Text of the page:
The film presents information about the vast scope of the problem, the potentially severe consequences, and the necessity to seek help. Veterans, elected officials and therapists who specialize in PTSD (post-traumatic stress disorder) explain the condition and discuss what resources are available and what needs to be improved in treatment and public policy.

The event is free and open to the public. Joy Mennonite is located at 504 NE 16th Street, on the corner of Lincoln.

For more information, email info@centerforconscience.org or call 405-236-4938, ext. 2.

Stimulating family planning

January 29, 2009

There is a great op-ed, Counting Out Women, by Melissa McEwan published today in the Guardian (UK) about Chris Matthews and the general idiocy in the US media (not to mention a huge hunk of the blogosphere) about some parts of the original economic stimulus package, in which she specifically addresses the segment from Hardball that I posted about yesterday.

According to Matthews, the only thing “real people” can “see” are infrastructure projects and the jobs they create – which, as has been pointed out by Linda Hirshman and discussed by Echidne here, are jobs that will disproportionately benefit men. Funding for family planning (arguably) primarily benefits women, rendering it, in Matthews’ estimation, a pointless waste of money.

Subsequently, after Wexler explains that family planning “saves, if done correctly, an enormous sum of money down the road in the healthcare system” – Matthews ignores wholly that planned and wanted children born to non-addicted women who seek out prenatal care are generally healthier children, dismisses out of hand the importance of choice, and instead accuses Wexler (and, by extension, the Democrats) of advocating “a policy of reducing the number of births”.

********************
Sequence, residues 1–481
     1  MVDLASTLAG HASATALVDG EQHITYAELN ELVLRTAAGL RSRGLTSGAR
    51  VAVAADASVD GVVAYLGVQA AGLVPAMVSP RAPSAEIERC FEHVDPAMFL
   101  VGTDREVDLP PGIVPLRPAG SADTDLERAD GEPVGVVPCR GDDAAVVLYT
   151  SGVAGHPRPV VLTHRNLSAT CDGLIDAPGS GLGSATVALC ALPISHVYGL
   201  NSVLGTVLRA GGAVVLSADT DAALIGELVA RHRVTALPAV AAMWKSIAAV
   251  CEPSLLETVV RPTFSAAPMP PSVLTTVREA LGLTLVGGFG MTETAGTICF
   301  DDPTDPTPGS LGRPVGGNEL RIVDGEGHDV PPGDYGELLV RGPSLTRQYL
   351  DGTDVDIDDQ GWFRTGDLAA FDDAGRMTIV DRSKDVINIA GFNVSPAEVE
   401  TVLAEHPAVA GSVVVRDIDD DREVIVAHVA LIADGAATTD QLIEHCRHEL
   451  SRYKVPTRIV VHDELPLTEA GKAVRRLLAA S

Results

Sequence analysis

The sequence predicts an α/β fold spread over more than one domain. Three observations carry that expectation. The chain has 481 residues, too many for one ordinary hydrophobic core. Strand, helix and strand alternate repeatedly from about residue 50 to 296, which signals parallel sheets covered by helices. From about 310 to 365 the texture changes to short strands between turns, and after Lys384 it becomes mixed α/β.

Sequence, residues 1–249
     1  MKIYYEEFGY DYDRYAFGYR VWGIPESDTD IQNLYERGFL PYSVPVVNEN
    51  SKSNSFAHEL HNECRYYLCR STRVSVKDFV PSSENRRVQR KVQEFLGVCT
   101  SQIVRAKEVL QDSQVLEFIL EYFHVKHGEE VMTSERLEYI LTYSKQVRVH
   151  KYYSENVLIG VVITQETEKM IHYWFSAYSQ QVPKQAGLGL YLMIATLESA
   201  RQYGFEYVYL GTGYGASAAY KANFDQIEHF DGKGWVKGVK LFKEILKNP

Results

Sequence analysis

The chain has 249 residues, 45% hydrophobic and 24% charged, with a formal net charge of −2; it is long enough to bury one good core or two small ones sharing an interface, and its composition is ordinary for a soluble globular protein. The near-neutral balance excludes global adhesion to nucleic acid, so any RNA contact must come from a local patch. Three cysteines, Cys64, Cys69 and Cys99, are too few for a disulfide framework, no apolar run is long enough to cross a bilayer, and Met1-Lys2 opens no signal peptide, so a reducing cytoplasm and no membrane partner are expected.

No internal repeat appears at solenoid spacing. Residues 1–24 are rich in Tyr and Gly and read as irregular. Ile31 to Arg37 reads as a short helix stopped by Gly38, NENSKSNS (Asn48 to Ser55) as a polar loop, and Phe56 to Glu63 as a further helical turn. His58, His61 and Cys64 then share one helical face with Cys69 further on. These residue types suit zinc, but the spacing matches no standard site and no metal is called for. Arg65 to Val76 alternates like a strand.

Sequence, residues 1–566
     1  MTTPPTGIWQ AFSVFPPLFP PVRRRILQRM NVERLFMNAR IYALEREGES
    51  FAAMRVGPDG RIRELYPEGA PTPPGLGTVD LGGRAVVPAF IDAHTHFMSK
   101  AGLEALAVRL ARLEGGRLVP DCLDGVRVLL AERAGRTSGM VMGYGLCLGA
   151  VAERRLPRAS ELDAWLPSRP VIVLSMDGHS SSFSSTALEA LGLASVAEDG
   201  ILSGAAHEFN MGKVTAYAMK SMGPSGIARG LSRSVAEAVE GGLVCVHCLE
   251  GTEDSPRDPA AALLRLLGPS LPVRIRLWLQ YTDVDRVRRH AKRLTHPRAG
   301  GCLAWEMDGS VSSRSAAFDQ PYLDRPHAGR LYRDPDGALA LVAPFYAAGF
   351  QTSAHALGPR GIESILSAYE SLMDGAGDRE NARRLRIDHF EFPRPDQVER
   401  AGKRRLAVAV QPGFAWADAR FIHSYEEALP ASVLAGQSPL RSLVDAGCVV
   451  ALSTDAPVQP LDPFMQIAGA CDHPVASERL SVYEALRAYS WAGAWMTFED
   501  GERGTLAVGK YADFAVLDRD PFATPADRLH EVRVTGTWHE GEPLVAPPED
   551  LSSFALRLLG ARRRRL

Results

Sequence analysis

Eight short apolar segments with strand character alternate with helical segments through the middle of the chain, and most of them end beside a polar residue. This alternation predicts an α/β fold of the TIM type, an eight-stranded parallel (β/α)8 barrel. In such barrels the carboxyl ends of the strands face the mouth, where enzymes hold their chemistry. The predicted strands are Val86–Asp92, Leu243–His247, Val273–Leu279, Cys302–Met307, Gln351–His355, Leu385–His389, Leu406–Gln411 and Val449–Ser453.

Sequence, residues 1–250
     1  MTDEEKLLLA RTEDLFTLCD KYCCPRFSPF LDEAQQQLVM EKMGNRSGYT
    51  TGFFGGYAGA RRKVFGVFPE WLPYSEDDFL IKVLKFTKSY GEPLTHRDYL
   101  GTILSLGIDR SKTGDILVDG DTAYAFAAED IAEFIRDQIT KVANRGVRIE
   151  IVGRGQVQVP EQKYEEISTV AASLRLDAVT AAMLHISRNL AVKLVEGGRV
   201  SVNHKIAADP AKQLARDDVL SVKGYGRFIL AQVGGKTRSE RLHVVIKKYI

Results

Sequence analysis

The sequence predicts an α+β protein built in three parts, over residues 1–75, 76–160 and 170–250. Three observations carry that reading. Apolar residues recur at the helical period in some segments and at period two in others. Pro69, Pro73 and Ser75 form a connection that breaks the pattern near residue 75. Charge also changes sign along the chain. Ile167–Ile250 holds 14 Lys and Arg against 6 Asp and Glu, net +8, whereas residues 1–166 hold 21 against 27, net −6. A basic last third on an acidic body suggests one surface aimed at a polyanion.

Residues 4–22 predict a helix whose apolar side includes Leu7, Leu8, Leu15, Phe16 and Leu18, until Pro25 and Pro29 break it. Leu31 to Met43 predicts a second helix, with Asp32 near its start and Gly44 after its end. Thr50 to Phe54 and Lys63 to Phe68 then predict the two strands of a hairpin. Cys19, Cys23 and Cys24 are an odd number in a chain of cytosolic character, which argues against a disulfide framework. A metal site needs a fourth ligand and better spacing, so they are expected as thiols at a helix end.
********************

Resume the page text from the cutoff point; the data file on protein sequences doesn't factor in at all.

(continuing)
[…]

“It sounds a little like China,” he notes, conflating the Democrats’ plan to provide women a breadth of reproductive choices with a state-mandated reproductive limitation which has resulted in the mass murder and abandonment of female infants.

Wexler was one of the few voices, male or female, that was allowed to even push back on this nonsense on corporate media. So I suppose good for Matthews for making that possible — but it was obviously just a way for the host to make his point, if you want to call his babbling about China and infanticide a point relative to the legislation under discussion.

It is clear that conservatives would like to set up contraception now as something controversial, even shameful. They need a new pet issue to whip up their braindead base over, to keep the coffers full and the ballots filled out as instructed from the pulpit. You wait and see.

So to all the so-called liberal boys who got right on board with the GOP’s misogynist agenda, because family planning money fills clinics instead of building them, don’t wonder later how you got played once again by the culture warriors. Just read your own archives.